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How we saved $15k a month on GitHub Actions - Part 1

By Matt MathesonSeptember 18, 2023
CI Analytics

Introduction: This is the first of a 2-part series on Hosting your own GitHub Runners on Kubernetes. This article delves into the benefits and why you want to do this. GitHub Actions offers an integrated CI/CD solution that aids seamless workflow development and maintenance. It's easy to set up and manage, and works with the same platform where your code is stored, increasing the likelihood that developers will incorporate CI/CD building and testing into their pipeline.

However, as projects grow, the native GitHub hosting may introduce limitations in scalability and cost-effectiveness. A robust alternative? Self-hosted runners. They use the same workflows as GitHub Actions, but you are entirely in control of the configuration. This gives you all the power of GitHub Actions with the benefits of your own infrastructure.

At Trunk, we've adopted this strategy for scalable pipelines, ensuring we use resources efficiently.

Why Self-hosted Runners are Vital for Scaling Projects

There are three primary rationales for migrating to self-hosted runners:

1. Cost Efficiency:

GitHub’s hosted runners may appear cheap for small-scale projects. However, as your demand scales and you start to parallelize your runs, your costs rise, hitting thousands of minutes per month.

For instance, GitHub's pricing for an 8-core, 32 GB machine is $1.92/hr. If you were to provision the same machine on AWS, it would cost merely $0.1468/hr. That is a 13X markup you will pay for every minute by hosting on GitHub. If we just look at the Linux box costs, here's how they stack up against AWS:

And that's just for Linux. Windows and Macs cost more on GitHub. You can spend $0.32 per minute on a 12-core Mac. If you need long-term access to large macOS machines for your builds or testing with GitHub Actions, it's $19/hour and $460 per day. You can get a refurbed Mac Mini for the same cost you would spend in a day.

2. Customizability:

Because you can bring your own machine (whether on-prem, a VM, a container (as we use), or even your local machine), you can choose more powerful hardware or optimize resource allocation based on your project's needs. This can lead to faster build and test times, especially for resource-intensive tasks. 

Self-hosted runners also allow you to fully customize the environment, including the underlying hardware, software, and network configurations. This can be particularly useful if you have specific dependencies or configurations that are unavailable or unsupported in the default GitHub-hosted runners.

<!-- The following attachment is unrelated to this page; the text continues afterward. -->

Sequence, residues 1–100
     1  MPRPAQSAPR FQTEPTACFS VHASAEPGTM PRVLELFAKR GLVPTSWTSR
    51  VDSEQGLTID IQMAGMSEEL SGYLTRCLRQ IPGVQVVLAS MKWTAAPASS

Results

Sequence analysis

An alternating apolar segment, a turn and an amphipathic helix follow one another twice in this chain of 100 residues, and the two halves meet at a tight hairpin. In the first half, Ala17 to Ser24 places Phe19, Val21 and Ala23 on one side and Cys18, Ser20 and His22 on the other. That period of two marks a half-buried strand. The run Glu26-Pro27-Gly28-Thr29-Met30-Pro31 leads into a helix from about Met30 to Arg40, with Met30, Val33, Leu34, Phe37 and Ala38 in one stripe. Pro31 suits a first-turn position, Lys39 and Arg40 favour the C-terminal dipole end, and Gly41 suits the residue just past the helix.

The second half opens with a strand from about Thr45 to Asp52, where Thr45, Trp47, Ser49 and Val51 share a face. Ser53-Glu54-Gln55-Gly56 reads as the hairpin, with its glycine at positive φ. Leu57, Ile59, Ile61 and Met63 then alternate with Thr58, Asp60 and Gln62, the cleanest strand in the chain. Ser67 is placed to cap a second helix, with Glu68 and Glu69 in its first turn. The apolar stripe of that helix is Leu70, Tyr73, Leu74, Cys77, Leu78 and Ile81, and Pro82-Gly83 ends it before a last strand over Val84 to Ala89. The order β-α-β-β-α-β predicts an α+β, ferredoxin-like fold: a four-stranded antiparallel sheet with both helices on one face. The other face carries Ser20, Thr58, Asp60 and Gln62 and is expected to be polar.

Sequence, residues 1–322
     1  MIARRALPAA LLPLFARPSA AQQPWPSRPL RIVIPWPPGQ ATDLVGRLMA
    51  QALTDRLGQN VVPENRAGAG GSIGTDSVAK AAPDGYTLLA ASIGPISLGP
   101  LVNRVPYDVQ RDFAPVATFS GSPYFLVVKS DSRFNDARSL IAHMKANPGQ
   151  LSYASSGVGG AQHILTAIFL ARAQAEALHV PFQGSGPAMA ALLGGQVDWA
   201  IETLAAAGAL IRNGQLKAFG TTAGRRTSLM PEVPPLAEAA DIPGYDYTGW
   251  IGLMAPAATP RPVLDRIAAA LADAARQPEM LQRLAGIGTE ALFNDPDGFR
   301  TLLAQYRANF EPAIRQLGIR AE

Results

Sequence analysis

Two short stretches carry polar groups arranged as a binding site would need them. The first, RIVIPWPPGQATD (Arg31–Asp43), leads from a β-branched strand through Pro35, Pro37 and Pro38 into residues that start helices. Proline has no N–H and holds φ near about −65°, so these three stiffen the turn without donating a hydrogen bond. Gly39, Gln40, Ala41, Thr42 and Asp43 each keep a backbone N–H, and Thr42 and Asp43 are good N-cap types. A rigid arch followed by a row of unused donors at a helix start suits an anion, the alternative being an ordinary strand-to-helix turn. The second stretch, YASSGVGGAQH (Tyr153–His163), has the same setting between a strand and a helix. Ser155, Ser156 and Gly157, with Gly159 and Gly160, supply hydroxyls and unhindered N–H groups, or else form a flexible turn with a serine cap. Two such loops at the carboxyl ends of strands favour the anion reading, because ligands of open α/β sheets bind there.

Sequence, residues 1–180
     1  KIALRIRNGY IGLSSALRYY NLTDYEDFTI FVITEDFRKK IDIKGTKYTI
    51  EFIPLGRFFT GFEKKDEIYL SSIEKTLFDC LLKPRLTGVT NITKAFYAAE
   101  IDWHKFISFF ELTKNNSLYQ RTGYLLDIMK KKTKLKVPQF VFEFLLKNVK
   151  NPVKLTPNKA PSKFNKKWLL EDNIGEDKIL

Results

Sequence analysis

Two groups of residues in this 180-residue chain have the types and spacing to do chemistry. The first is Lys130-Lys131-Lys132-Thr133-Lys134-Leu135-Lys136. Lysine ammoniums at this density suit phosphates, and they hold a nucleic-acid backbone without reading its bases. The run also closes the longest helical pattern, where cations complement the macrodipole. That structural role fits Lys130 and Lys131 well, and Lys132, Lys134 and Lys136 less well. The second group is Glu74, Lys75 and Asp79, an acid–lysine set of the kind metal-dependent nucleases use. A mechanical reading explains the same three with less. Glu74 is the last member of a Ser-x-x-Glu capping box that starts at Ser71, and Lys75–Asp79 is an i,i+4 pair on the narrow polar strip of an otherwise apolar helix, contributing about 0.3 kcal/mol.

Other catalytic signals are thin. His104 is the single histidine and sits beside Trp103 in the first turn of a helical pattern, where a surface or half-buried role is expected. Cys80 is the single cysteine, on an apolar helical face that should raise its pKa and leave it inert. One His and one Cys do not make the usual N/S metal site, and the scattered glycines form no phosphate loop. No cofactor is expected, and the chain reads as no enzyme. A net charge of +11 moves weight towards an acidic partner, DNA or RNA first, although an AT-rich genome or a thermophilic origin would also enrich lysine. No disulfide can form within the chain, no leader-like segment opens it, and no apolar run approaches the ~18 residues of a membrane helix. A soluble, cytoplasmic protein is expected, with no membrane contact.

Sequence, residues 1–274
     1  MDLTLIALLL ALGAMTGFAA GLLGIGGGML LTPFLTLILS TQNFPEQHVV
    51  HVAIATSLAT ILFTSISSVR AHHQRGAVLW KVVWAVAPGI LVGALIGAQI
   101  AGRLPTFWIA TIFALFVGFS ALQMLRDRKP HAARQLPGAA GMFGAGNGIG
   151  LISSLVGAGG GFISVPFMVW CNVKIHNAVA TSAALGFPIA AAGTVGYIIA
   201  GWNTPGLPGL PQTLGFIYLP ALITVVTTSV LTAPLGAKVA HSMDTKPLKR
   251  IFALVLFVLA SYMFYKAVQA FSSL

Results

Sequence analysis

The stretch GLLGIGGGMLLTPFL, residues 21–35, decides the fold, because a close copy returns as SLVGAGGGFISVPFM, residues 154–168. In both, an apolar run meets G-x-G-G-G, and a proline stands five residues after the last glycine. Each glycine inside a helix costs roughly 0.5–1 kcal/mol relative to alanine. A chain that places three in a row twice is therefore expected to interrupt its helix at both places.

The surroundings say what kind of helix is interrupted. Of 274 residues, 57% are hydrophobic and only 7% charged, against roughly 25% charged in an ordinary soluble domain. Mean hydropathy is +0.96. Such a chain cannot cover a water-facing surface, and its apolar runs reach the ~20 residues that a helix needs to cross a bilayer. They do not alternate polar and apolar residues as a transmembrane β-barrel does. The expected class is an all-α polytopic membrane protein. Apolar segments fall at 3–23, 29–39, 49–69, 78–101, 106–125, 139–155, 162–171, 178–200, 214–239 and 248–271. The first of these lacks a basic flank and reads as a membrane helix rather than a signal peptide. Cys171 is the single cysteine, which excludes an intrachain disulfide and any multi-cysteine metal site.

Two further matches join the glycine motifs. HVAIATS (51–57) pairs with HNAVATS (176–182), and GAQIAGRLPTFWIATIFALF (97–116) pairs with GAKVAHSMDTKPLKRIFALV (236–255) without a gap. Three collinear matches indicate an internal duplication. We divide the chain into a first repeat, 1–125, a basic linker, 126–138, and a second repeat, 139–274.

This includes:

  • GPUs: GitHub's default infrastructure is CPU-only. Self-hosted runners allow for GPU-intensive jobs, like machine learning pipelines.

  • CPU-to-memory ratios: GitHub's larger runners use a N-cores, 4xN GB model. Self-hosting lets you customize, like having 8 cores with 128 GB memory.

  • Disk usage: GitHub's offerings can be expensive for jobs needing significant storage but minimal memory. Self-hosted runners allow tailored disk-to-compute ratios.

3. Enhanced Caching:

Caching environments and dependencies for builds and tests can help with throughput. With GitHub-hosted runners, the Actions cache is slow. As a software-level caching mechanism, the cache is stored elsewhere on GitHub servers, so you'll always have long response times.

Self-hosting on your own infrastructure allows you to use a local hardware cache that will be much more performant. You can persist a warm cache so there is no need to download assets repeatedly onto a blank slate runner, and these assets are available on the machine in milliseconds.

At Trunk, using self-hosted runners allows us to customize our CI infrastructure better, making our tests and builds faster and for less by running directly on GitHub. But the key to good performance is the right infrastructure at the right time. We'll cover how to host your GitHub Runners on Kubernetes in our next article. For now, if you want to see how much time you spend on your CI workflows, check out CI Analytics.

Part 2: Self Hosting Github Runners is now live.

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